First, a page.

Ford backs algae biofuel research

A Ford research scientist told CNET.com that algae has some of the characteristic necessary to become a viable source of renewable fuel - if production challenges could be overcome.
Written by David Worthington, Contributor

Algae has traditionally been viewed as a nettlesome problem that chokes our waterways, but its now it is increasingly being looked toward as a solution to replace oil with a "greener" fuel source. Ford, the originator of car culture, is jumping at the opportunity, CNET.com reports.

There are numerous characteristics that make algae appealing as a feedstock for biofuel including its year-round harvest season, the ability to grow in any water source, and algae are among the fastest growing plants in the world.

While the concept of using algae as a fuel source has been around for decades, it is becoming a draw for researchers as the economics -- and politics -- of oil have changed. A researcher's green gilded play thing today may be what fuels your car tomorrow.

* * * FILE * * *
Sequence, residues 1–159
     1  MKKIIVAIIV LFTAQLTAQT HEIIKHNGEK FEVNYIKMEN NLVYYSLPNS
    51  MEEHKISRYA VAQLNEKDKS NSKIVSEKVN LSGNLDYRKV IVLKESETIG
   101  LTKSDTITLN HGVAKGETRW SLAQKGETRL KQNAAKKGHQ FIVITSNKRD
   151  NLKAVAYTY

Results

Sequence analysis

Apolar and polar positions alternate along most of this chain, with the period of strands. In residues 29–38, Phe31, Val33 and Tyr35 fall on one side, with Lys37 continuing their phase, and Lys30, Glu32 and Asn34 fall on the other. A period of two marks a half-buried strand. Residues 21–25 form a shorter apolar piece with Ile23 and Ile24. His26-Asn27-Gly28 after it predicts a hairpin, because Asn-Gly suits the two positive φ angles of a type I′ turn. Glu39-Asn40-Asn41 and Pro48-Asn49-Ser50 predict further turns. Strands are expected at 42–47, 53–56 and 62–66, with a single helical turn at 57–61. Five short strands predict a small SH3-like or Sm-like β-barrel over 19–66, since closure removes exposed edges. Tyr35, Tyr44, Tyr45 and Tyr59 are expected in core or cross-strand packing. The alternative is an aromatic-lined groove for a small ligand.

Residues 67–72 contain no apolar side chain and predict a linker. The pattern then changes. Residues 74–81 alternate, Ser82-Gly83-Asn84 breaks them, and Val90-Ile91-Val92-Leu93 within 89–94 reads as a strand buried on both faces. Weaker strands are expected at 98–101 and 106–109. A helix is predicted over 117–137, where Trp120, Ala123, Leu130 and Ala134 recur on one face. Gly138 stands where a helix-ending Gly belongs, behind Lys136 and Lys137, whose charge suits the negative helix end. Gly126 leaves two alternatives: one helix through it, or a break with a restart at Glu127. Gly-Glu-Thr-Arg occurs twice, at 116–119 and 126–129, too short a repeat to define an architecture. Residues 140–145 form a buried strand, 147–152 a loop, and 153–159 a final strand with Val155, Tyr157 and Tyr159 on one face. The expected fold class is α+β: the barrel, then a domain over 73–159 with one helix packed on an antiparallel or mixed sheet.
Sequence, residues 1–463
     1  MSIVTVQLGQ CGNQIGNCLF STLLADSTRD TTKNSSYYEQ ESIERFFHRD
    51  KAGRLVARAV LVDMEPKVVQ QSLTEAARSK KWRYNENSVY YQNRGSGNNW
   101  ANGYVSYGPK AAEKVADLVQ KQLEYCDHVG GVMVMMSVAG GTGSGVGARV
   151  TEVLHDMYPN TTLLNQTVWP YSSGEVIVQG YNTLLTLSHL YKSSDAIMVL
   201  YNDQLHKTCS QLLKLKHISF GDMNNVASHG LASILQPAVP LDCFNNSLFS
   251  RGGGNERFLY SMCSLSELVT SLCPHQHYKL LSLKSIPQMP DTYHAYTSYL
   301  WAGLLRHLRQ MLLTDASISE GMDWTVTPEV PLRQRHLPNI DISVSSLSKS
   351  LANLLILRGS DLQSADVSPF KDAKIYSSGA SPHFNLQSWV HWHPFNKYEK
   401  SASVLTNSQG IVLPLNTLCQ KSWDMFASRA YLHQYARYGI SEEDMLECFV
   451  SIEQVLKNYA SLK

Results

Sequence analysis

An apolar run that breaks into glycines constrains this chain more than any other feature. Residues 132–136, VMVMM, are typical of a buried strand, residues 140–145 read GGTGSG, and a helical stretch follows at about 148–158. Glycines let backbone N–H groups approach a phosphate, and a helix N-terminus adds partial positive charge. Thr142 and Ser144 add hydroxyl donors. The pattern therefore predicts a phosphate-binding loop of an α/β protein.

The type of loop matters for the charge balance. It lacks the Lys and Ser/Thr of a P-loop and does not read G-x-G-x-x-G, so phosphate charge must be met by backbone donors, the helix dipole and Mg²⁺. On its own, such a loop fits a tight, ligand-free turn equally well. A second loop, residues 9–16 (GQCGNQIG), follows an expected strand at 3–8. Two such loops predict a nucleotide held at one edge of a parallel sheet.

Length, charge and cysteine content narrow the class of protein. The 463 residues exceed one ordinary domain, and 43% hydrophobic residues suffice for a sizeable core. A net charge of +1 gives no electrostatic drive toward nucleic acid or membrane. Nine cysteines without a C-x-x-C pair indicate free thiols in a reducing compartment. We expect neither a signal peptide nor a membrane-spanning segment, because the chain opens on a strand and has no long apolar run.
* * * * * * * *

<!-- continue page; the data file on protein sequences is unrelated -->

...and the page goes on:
Solazyme, a company that produces oil from green algae, announced that it had raised US$52 million in series D financing in August. Even NASA has been recently experimenting with growing algae to produce jet fuel.

Ford recognizes the value of algae's fuel friendly characteristics and wants to show its support for any process that would lead to commercial scale production of algae based biofuel, Ford research scientist Sherry Mueller told CNET.

Mueller hedged her remarks saying that algae researchers were still hard pressed to "find economical and sustainable ways for commercial-scale controlled production and culturing of high oil-producing algae."

Ford's investment in biofuels is not casual; it's part of the company's long term business strategy. The automaker was today ranked among the best positioned U.S. businesses that will excel in the coming carbon conscious business environment.

This post was originally published on Smartplanet.com

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